Implementing Natural Resource Approaches | Man Institute

Introduction

In Part I of this series, we outlined the potential benefits of investing in natural resources, particularly given the unique combination of cyclical and secular forces investors may face. It is important to acknowledge, however, that there is more than one way to invest in natural resources, namely equities and futures. All will offer the basic commodity correlation seen in the broader asset class, but here we outline what we believe are the differentiating features of investing in natural resource equities and commodity futures, which we summarise in Table 1 below.

Table 1. Features of natural resource equities and commodity futures

Source: Man Group.

We view natural resource equities as a hybrid security. While the structure is an equity, the correlation is more closely tied to the underlying commodity than to broader equity markets.

1. Positively skewed capture rates

We view natural resource equities as a hybrid security. While the structure is an equity, the correlation is more closely tied to the underlying commodity than to broader equity markets. The investment case for equities offers better upside and downside capture rates, as shown in Table 2 where we highlight the performance in various market conditions over the past 15 years of the three asset classes: natural resource equities (as measured by the S&P Global Natural Resources Index); commodity futures (as measured by the Bloomberg Commodity Index); and broader equity markets (as measured by MSCI All Country World Index). Note that natural resource equities perform relatively well in three of the four markets scenarios. Further, the capture rates were particularly strong during periods of higher commodity prices due to the equity premium and the ability to generate additional alpha in equities.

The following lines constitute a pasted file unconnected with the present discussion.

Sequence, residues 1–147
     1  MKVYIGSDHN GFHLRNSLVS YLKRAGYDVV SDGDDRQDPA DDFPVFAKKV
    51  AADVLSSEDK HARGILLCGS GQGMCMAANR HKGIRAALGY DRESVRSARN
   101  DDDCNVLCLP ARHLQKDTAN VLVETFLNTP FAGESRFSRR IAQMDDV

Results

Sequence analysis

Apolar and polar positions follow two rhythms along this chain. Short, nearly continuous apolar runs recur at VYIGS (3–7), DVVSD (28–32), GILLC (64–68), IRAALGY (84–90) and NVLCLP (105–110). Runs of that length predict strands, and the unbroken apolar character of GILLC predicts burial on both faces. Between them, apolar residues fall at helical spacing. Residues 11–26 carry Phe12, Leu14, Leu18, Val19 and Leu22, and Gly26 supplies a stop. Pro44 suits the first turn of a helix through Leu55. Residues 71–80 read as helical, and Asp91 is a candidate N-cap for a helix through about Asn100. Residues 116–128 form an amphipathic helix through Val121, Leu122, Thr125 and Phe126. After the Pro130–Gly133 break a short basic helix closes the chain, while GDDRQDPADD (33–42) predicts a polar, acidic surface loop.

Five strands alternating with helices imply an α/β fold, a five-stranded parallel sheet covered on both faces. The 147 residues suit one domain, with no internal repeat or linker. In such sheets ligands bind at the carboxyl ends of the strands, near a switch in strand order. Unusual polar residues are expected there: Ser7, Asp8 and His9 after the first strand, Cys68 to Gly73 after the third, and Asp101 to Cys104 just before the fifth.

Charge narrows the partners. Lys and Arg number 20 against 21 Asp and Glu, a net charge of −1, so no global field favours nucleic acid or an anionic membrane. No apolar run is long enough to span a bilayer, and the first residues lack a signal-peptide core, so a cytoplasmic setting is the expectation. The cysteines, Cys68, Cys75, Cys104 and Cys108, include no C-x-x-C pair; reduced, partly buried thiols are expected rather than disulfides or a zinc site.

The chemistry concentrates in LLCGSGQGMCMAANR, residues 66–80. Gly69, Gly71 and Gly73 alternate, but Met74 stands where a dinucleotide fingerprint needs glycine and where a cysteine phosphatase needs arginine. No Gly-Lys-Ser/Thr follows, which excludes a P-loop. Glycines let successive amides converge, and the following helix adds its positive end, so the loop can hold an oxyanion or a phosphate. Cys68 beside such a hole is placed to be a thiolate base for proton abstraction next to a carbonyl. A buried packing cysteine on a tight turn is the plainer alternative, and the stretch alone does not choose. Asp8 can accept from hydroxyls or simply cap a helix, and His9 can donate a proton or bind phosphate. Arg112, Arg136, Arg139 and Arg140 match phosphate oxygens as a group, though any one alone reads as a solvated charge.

Table 2. Natural resource equities perform relatively well in three of the four markets scenarios

Source: Bloomberg, as at 31 December 2023. Data compares the performance by year of the S&P Global Natural Resources equity index, the Bloomberg Commodity Index and broad market equities as represented by the MSCI All Country World Index.

2. Potential to generate positive dividend yield

Facing an uncertain long-term market outlook and governance pressures, natural resource companies are increasingly focusing on rewarding shareholders with dividends and stock buybacks.

Over the last several years, we have seen a general shift away from management seeking production growth at all costs to a more shareholder-centric approach. Facing an uncertain long-term market outlook and governance pressures, natural resource companies are increasingly focusing on rewarding shareholders with dividends and stock buybacks. Indeed, several companies have adopted variable dividend models whereby a percentage of free cash flow is distributed among shareholders. As shown in the table below, natural resource equities are among the highest dividend yielding sectors in the S&P 500 Index with the potential to grow the underlying notional dividend in future years.